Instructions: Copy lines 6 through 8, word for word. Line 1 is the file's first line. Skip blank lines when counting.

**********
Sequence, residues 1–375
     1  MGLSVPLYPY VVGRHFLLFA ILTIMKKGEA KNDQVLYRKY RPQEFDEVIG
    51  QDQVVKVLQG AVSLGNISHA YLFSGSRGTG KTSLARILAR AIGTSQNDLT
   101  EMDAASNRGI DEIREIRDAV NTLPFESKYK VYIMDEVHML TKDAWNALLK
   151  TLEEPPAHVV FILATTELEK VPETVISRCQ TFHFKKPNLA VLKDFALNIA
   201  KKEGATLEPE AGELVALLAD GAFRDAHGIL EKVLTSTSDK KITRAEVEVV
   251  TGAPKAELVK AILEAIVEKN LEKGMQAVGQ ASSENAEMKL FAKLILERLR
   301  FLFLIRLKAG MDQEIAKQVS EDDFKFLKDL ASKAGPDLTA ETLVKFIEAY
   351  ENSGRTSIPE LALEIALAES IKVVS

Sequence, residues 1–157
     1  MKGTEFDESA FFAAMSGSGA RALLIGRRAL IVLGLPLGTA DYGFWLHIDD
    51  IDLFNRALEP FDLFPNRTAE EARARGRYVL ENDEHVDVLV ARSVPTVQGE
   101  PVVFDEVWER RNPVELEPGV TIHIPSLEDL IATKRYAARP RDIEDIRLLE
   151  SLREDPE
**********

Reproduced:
   201  KKEGATLEPE AGELVALLAD GAFRDAHGIL EKVLTSTSDK KITRAEVEVV
   251  TGAPKAELVK AILEAIVEKN LEKGMQAVGQ ASSENAEMKL FAKLILERLR
   301  FLFLIRLKAG MDQEIAKQVS EDDFKFLKDL ASKAGPDLTA ETLVKFIEAY